Back in the day, I always voted for the woman. I can tell you exactly when that day was, too. It was my first year of college, and I was faced with a long slate of names of people running for student government, none of which I recognized. So I went right down that list with my pen, first checking off all the women, then the visible minorities.
Ah, those were the days.
Not so much.
I don't know when I stopped automatically voting for the woman, but I bet it had something to do with Hopefully Not About to Again Become A Red State, where there was a good-sized contingent of women politicos (politicas) whose values had nothing to do with anything I cared to vote for. It probably also--theoretically, rather than practically--had something to do with living through the 80s as a feminist, and realizing the profound limitations of feminism as it had been construed, not by its original founders, many of whom were incredibly sophisticated about issues of race and class, but by a whole lot of white women in the years thereafter. In other words, I realized that gender, though always important, is not always of prime importance.
Fast forward to this morning.
Let's be clear (and not at all original): the only reason John McCain chose Sarah Palin is that she's a woman. If her name were Stuart Palin, and she had been governor of the battleground state of Alaska--not!--for two years, she would not have flown to Dayton this morning. Sure she's conservative, and smart, and popular, but she's the new governor of Alaska. Not so much the VP demographic, except that she's a girl.
Which means that John McCain, the Republican candidate, presumably as anti-affirmative action and identity politics as they come, just went whole hog for the identity ticket. Whereas I told my girls that Obama chose the person who would be best for governing, not necessarily campaigning, and that I wholeheartedly approved, McCain made his choice purely instrumentally, based on nailing down the conservative Christian votes and trying to seduce those PUMAs (who appear, from what I've been reading in the non-mainstream media, to be not quite so many as the mainstream media would have us believe).
I'm sure there are people out there who vote solely based on identity (choosing the woman, the Black person, the Christian, regardless), and I'm sure there are people who do, as the pundits believe, vote on likeability (I bet I'd do just fine chatting with Palin on the sidelines of a soccer game, just as I did with all my conservative Christian friends in that state where I used to live) (that parenthesis was not at all facetious--I did have conservative Christian friends, and I quite liked them, but we never talked politics, just teachers and homework and Halloween costumes). But I'd like to think there are other people besides me who vote the issues.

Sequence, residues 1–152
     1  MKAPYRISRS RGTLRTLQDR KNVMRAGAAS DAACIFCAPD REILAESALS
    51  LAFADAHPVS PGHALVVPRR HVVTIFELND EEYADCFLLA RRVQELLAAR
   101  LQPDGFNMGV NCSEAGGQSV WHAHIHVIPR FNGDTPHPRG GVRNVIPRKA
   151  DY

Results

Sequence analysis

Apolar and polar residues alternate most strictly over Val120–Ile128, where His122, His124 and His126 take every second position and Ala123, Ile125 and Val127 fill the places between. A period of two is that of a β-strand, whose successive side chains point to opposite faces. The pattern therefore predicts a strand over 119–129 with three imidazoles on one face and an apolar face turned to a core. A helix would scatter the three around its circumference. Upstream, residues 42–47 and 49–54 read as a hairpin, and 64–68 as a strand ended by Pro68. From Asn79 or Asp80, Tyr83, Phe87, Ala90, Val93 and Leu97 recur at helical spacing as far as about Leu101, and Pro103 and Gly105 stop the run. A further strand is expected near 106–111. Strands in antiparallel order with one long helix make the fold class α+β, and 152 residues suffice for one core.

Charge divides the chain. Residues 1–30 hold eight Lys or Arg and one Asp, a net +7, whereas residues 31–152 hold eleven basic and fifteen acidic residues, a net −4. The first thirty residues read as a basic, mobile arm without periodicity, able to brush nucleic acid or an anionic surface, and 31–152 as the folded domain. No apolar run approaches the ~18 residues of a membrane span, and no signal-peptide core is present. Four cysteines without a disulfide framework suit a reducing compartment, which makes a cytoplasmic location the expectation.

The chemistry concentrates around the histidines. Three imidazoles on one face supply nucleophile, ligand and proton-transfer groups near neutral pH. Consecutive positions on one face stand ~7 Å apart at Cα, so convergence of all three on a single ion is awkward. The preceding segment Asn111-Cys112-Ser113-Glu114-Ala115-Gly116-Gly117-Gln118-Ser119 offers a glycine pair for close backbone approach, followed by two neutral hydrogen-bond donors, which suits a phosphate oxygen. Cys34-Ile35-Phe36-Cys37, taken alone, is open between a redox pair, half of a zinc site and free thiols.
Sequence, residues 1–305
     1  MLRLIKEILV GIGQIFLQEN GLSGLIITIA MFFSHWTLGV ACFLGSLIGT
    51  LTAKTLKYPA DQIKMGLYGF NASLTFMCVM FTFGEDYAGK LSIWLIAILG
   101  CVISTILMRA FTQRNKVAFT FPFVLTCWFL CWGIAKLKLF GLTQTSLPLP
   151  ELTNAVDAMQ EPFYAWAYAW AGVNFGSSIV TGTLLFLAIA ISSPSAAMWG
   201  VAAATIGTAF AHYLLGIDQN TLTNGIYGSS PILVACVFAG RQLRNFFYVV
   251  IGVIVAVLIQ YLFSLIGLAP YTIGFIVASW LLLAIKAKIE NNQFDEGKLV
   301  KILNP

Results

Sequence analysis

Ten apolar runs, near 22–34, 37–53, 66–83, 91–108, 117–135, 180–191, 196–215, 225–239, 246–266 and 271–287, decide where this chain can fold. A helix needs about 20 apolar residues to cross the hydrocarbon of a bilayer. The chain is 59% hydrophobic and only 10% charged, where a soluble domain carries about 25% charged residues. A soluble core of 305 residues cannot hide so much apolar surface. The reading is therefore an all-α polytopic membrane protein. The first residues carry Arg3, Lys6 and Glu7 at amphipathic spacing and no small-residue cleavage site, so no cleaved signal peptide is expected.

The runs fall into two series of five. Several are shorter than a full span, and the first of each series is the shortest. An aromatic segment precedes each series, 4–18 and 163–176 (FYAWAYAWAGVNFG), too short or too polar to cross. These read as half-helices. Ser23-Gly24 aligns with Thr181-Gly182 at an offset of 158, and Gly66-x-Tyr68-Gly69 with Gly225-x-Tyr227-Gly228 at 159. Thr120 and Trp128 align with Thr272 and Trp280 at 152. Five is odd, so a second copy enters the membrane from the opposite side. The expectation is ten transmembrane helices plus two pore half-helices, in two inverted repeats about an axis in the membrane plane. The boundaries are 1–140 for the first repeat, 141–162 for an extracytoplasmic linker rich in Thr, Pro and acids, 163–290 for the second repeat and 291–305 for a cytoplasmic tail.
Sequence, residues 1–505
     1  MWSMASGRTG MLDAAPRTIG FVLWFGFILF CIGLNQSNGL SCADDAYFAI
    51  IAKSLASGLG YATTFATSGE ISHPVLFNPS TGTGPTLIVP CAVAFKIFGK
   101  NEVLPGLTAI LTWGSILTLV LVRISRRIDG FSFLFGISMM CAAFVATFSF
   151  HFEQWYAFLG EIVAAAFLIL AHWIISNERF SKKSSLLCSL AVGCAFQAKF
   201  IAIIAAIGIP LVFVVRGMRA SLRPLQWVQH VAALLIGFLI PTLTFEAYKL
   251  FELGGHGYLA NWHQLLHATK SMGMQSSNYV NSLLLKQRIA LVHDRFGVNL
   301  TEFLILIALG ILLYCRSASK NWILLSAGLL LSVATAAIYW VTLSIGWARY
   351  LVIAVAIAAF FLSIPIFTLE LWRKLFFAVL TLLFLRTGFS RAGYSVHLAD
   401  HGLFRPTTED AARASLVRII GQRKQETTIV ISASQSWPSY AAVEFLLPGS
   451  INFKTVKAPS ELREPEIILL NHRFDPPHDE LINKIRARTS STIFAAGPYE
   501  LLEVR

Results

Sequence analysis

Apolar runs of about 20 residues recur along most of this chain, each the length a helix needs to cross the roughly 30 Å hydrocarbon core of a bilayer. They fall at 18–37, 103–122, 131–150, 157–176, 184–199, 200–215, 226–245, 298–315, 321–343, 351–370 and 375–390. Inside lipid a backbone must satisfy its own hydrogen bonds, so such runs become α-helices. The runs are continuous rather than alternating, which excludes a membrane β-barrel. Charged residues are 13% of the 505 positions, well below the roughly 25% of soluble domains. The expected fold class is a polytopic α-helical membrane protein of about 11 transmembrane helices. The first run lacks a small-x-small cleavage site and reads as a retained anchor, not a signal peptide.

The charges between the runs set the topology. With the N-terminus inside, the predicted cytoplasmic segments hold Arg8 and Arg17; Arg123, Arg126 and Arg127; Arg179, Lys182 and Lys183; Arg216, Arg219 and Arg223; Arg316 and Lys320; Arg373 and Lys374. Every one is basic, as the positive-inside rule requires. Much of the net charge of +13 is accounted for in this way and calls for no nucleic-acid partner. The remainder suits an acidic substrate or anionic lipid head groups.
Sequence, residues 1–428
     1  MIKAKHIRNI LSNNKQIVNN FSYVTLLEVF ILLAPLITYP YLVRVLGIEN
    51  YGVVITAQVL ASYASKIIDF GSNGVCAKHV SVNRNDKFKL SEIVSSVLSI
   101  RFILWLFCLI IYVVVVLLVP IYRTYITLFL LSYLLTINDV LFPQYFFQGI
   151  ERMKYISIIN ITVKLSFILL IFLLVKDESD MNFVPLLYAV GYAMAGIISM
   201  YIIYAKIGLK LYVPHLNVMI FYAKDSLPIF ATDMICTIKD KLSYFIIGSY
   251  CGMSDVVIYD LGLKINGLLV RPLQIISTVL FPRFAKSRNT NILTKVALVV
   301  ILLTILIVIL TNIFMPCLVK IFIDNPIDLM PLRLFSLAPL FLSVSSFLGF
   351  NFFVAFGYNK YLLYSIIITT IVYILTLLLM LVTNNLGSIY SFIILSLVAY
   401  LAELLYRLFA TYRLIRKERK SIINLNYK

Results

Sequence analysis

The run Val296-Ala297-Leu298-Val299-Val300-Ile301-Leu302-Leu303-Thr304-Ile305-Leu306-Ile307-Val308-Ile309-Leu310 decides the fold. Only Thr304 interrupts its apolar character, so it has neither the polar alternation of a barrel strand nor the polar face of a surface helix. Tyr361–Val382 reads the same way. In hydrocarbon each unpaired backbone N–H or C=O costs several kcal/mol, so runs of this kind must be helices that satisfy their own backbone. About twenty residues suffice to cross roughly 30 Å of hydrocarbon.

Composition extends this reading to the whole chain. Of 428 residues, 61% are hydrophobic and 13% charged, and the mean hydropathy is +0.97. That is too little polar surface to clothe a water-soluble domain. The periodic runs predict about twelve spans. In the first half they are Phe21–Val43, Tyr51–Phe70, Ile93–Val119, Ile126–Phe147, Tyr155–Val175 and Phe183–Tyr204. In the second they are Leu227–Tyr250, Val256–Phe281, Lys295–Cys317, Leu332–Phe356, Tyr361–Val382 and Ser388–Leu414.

(Or at least, who first consider the issues, and only then turn to identity and likeability. Because I was fine with Hillary on the issues, just like I was fine with Obama, which meant that I could then think about things like effectiveness and likeability, which meant I didn't vote for Hillary, though I also didn't vote for Obama because he was Black.)
But let's get back to feminism. Lately I've been hanging out with some smart, savvy, political young women of color who feel pretty much the same way I do when it comes to most things political. Except that I am a feminist and they are not. One of them said, last time we discussed it, that the term just makes her sad. And I get that: if you're a young woman of color, feminism as it's been lived out (not just portrayed) in American culture can be pretty unwelcoming (see Seal Press and WAM, Pandagon, et al [oh god, I just can't find the perfect link, try Jackie back in April to start]).
Sarah Palin is the apex of the best and worst of feminism. That a 44-year-old mother of five could be a governor is because of feminism at its best: women now have opportunities and the capacity to achieve in ways that were unimaginable 40 years ago. That John McCain would choose a woman as his running mate simply to grab women voters is a manifestation of feminism and identity politics at their worst--pandering "choices" designed to get the powers that be what they want.
So you know, at this point, I'm really fine with letting feminism go. I'll still call myself a feminist, but I'm not going to go out on a limb for the terminology, though believe you me I'll always go out on a limb for the rights of women. But I'll also be limb-climbing for the rights of people of color, immigrants, the poor, children, gays, whoever needs their rights the most at any particular moment. And I don't really care what you call me or it. In fact, I lost interest in the politics of symbolism and labels a long time ago. What I care about is justice and fairness and basic human rights and economic viability for everyone (let's just lump education, health care, and housing under economic viability).
And that's why I'm still voting for Obama.